I'm someone who identifies as a centrist who leans fiscally conservative, but is socially progressive, enjoys learning more about history, has grown more skeptical about national security talk, and particularly rejects the narrative often advanced by 24-7 news media. I sometimes found it difficult to find information sources that presented material designed to make you think, rather than react.
My philosophy is that those who make you think aren't interested in writing just to keep an audience going. Instead, they are the ones that will follow their own mind and allow the audience to come to them. That's why I came to appreciate The Atlantic, a publication that has been around since 1857, and has published works from people ranging from Mark Twain to Martin Luther King Jr., and was first to publish The Battle Hymn of the Republic (written by an abolitionist named Julia Ward Howe — now there's your history lesson for the day).
As I spent more time reading The Atlantic for views on current affairs, I came across several writers who really made me rethink what I thought I knew about certain subjects. Among them was Conor Friedersdorf, who identifies himself as a conservative, but is a far cry from what one normally associates with what passes for conservatism these days.
Ask your typical Republican about national security, and you are more likely to hear about how important it is to this nation, than you are to hear about concerns about those who are tasked with such duties about overreaching. Yet this is a frequent criticism of Friedersdorf, who in recent years has raised criticisms ranging from the militarization of local police departments and officer abuses, to how the federal government uses drone strikes frequently in the War on Terrorism.
These are criticisms that are not unique to Friedersdorf -- and not unique to certain conservative thinkers. (The perfect example is one of the GOPers who has announced he will seek the Presidential nomination in 2016: Rand Paul.) Yet they are criticisms that don't get embraced by mainstream conservatism.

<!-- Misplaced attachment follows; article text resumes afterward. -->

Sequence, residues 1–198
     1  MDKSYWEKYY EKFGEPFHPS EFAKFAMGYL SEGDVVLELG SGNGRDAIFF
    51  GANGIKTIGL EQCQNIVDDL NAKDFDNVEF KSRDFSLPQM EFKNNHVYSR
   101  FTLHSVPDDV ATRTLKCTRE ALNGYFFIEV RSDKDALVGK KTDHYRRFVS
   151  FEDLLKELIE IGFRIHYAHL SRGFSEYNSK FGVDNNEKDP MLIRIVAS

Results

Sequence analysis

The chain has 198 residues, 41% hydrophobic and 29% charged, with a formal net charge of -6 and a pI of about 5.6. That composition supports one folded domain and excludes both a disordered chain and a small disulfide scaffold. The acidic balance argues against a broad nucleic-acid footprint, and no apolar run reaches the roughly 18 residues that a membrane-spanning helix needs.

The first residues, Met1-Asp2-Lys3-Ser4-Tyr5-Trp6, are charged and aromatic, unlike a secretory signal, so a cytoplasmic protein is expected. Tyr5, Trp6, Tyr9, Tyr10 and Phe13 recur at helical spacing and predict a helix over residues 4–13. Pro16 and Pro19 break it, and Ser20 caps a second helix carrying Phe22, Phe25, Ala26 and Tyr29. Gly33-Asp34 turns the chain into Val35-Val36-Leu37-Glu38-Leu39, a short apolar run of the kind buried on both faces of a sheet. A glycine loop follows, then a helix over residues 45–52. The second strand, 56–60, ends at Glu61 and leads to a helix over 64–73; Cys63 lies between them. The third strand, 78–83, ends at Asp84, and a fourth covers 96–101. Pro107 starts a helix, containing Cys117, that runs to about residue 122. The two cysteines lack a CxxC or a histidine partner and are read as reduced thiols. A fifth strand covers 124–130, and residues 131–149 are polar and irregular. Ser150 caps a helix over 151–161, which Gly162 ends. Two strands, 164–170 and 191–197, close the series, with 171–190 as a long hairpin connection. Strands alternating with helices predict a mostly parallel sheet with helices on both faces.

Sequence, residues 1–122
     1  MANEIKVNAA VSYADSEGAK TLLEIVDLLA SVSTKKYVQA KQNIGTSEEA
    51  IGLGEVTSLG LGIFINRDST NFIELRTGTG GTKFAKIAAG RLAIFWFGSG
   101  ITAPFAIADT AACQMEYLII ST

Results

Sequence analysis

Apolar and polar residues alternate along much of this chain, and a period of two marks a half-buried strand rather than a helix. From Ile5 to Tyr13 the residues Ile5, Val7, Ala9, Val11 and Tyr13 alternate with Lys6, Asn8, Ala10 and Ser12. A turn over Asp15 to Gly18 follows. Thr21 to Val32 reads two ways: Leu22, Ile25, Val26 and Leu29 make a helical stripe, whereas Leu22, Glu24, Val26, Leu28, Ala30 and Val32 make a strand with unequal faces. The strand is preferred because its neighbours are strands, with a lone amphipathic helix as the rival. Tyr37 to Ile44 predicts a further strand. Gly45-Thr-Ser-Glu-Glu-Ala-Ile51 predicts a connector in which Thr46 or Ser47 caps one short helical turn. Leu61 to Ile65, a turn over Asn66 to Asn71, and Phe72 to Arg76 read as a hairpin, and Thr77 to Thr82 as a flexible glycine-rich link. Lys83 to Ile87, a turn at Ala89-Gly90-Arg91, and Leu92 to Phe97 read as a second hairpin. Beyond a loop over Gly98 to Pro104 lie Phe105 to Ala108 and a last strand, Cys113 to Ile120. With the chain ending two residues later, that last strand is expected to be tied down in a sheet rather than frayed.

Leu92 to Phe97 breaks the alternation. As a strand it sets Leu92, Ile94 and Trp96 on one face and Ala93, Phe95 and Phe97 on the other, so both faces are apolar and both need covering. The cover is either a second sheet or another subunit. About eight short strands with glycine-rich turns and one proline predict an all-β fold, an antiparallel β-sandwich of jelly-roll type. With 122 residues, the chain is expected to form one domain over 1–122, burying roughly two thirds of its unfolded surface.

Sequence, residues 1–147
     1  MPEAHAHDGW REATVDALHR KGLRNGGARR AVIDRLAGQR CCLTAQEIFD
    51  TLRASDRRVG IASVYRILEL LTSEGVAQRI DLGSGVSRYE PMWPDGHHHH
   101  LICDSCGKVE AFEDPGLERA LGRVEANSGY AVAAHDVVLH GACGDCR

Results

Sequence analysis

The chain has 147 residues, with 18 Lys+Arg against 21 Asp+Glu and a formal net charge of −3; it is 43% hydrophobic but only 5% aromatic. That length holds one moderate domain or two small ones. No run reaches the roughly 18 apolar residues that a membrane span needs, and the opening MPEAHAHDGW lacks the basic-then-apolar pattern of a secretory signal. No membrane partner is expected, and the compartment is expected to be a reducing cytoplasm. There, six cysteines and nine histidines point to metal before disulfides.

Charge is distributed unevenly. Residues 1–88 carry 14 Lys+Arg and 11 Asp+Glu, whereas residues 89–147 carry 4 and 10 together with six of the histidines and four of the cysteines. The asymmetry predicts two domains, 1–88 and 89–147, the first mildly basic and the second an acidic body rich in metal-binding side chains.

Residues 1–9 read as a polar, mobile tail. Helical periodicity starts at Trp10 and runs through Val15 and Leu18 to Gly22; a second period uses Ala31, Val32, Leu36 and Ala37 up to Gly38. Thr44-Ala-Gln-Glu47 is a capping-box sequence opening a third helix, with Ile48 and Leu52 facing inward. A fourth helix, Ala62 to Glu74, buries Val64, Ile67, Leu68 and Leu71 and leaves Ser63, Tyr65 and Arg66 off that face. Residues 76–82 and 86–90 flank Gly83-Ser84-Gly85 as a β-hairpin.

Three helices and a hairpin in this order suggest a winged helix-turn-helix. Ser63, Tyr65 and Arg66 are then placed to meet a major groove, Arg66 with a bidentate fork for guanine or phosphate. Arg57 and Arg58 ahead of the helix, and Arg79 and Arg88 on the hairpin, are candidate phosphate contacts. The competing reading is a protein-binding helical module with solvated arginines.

Case in point, Friedersdorf's question to "law-and-order conservatives" about what they propose to do about police officers who truly engage in abusive behavior, even suggesting that federal intervention may be necessary.
There is a “Ferguson effect,” but rather than describing a spike in violence after undue criticism of police, the term should denote an erosion of respect for police authority caused by years and years of abhorrent behavior by cops and enabling political officials who incentivize and then all but ignore blue-on-black crime. It is no accident that the cities to experience the most intense unrest after police killings of unarmed black men, Ferguson and Baltimore, were ones where even cursory scrutiny reveals severe law enforcement abuses. Circa 1992, one could have as easily called it an LAPD effect, when decades of egregious abuses supplied the gasoline and the Rodney King verdict the spark. The federal consent decree that significantly improved policing here may not have directly caused the subsequent decline in crime, but certainly did not appear to impede it. Perhaps aggressive federal intervention is needed to reduce abuses in Baltimore.
What I like about Friedersdorf is that he can argue that changes need to take place in how we think about security, while still keeping them in line with what one important thing to remember about the heart of conservatism: any concentration of power in the hands of a few can cause a lot of problems. Mainstream conservatism may think of the federal government first, and follow that with programs and ideas typically associated with liberals. Friedersdorf doesn't think in those terms; he sees any type of concentration of power as something to be concerned with. Most of all, Friedersdorf is a strong believer in civil liberties, and believes giving too much of them up simply to make people safer, is a price he's not willing to pay.
Why, you ask, would I talk about a political writer when it comes to my planned work of fiction? Because part of my book will ask this question: just how high of a price are you willing to pay to ensure your security? Are you willing to give up every liberty you consider important? Most of all, are you willing to give up your right to question whether or not people have gone too far in ensuring your safety? (Also, are you expecting me to drop the Benjamin Franklin quote any minute?)
This is how Friedersdorf has influenced my writing. He's made me question just how far is too far when it comes to promoting national security. People may believe there's no price that is too high, but that's usually because it doesn't affect them personally, or they don't notice it. Yet in our quest to try to make the world safe, we have to ask ourselves if we have really made the right decisions, and think critically, rather than emotionally, about the consequences of such decisions.
Friedersorf's writings are at The Atlantic website and can be found here.